Dr. Nassif: Since we’ve already performed the hump reduction and the osteotomies now it’s time for the spreader grafts. From the septocartilage that we harvested we have to carve some spreader grafts. Here are the grafts that will go in the middle part of the nose. The reason why we put spreader grafts in the upper part of the nose called the middle vault is because many times when you bring down a large hump and fracture the nasal bones, the middle part of the nose destabilizes and it can collapse in.
If it collapses in you will get something called an inverted V deformity which looks just like an upside down V. I might need some more cartilage. I’m going to use this part of the cartilage to hold up the front part of the nose, this will be called a columellar strut. It’s kind of not too strong. Ok what I want to do is I want to leave this here. I want to go back and take a little bit more cartilage from inside the nose. I’m going to take out a significant piece of cartilage here but most likely put back a lot of it. So we’re taking out another piece of septocartilage, here it is.
The two best sources of grafting material to use is septum number one, and two rib. Ear is the least desired graft to use.I’m looking at the thickness of the cartilage and we need a little bit thicker in this one right here. The reason why septum and rib are so much better than ear cartilage is because you can get a straight solid piece of cartilage. With the ear it’s always curved and it loses its strength sometimes after a year then it starts to collapse in and whatever you did you don’t like the result. It’s great to use for camouflaging something.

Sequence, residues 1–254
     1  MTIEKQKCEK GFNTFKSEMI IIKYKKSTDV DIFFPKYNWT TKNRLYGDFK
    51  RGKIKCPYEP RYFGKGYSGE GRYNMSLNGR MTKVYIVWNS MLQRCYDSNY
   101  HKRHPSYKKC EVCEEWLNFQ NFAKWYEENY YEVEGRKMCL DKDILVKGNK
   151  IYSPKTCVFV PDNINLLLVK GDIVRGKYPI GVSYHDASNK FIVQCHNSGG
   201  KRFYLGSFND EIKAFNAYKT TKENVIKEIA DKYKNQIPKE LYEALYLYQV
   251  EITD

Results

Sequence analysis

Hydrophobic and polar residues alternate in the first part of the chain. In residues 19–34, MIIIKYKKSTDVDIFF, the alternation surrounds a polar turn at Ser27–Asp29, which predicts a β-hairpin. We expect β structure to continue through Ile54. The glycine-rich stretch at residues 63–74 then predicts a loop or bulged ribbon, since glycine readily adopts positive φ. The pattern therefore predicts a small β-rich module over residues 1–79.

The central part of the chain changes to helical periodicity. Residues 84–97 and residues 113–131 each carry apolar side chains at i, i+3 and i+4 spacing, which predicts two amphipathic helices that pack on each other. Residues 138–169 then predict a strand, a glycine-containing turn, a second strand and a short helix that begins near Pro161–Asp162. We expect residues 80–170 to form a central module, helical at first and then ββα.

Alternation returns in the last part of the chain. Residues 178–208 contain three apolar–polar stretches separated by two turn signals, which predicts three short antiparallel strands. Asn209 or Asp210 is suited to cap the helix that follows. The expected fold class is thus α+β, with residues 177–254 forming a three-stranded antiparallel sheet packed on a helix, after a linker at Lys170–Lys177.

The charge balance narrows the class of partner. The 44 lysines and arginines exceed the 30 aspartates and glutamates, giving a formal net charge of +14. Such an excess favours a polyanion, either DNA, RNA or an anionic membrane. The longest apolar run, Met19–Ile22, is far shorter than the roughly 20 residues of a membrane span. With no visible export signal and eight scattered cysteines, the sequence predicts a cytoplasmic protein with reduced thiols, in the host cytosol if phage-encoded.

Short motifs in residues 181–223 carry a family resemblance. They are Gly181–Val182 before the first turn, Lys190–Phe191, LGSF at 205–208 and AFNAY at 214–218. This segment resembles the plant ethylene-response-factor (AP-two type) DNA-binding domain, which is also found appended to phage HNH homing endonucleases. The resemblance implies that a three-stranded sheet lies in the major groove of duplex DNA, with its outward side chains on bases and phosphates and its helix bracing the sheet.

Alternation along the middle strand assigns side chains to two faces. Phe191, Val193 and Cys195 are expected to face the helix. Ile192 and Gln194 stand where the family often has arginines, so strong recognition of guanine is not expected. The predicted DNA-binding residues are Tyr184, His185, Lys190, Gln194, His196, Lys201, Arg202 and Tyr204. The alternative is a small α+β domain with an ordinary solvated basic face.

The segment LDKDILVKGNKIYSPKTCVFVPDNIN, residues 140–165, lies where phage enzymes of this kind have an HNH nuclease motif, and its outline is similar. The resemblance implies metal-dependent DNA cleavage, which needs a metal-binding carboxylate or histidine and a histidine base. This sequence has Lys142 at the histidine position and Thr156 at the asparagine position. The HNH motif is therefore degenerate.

We’re just preparing the cartilage making it thin but not too thin. Alright let’s bring this over here. Now this is the challenging part putting these spreader grafts in the nose through a closed approach. We need some crazy glue; it’d be great for this. So you add the spreader grafts and place them in between the septum and the upper latero-cartilage and we stitch them in.
We’re just putting the last sutures along the spreader grafts just to make sure everything is in place perfectly. And that’s what we did with Luisa just to stabilize the middle part of the nose. In a sense it really doesn’t make the nose wider because when we take down the hump it’s already getting more and more narrow.
Today I saw Luisa, she’s about seven weeks following a closed rhinoplasty and septoplasty and turbinoplasty. We performed multiple procedures on her to take down her hump, make the middle part of the nose more symmetric, and fix her deviated septum to help open up her airway. The surgery went very smooth it’s exactly what I expected. At this point she’s very early in her healing phase, but she’s fine, everything looks great and she’s healing beautiful.